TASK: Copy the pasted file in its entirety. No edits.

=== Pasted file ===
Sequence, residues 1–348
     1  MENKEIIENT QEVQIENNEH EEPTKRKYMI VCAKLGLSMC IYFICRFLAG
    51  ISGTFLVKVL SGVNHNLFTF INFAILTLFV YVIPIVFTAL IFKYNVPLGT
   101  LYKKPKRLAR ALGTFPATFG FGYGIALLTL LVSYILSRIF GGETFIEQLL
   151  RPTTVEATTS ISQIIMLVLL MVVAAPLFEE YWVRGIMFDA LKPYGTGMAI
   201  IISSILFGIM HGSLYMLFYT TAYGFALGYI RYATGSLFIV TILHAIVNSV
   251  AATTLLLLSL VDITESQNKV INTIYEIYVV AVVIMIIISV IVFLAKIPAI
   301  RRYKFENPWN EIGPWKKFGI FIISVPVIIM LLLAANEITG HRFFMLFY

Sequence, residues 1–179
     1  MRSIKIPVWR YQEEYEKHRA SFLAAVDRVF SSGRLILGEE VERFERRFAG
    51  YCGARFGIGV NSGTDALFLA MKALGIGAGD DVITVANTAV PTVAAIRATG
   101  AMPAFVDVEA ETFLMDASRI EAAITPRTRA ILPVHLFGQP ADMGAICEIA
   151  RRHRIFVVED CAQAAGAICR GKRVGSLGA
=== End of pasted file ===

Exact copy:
Sequence, residues 1–348
     1  MENKEIIENT QEVQIENNEH EEPTKRKYMI VCAKLGLSMC IYFICRFLAG
    51  ISGTFLVKVL SGVNHNLFTF INFAILTLFV YVIPIVFTAL IFKYNVPLGT
   101  LYKKPKRLAR ALGTFPATFG FGYGIALLTL LVSYILSRIF GGETFIEQLL
   151  RPTTVEATTS ISQIIMLVLL MVVAAPLFEE YWVRGIMFDA LKPYGTGMAI
   201  IISSILFGIM HGSLYMLFYT TAYGFALGYI RYATGSLFIV TILHAIVNSV
   251  AATTLLLLSL VDITESQNKV INTIYEIYVV AVVIMIIISV IVFLAKIPAI
   301  RRYKFENPWN EIGPWKKFGI FIISVPVIIM LLLAANEITG HRFFMLFY

Sequence, residues 1–179
     1  MRSIKIPVWR YQEEYEKHRA SFLAAVDRVF SSGRLILGEE VERFERRFAG
    51  YCGARFGIGV NSGTDALFLA MKALGIGAGD DVITVANTAV PTVAAIRATG
   101  AMPAFVDVEA ETFLMDASRI EAAITPRTRA ILPVHLFGQP ADMGAICEIA
   151  RRHRIFVVED CAQAAGAICR GKRVGSLGA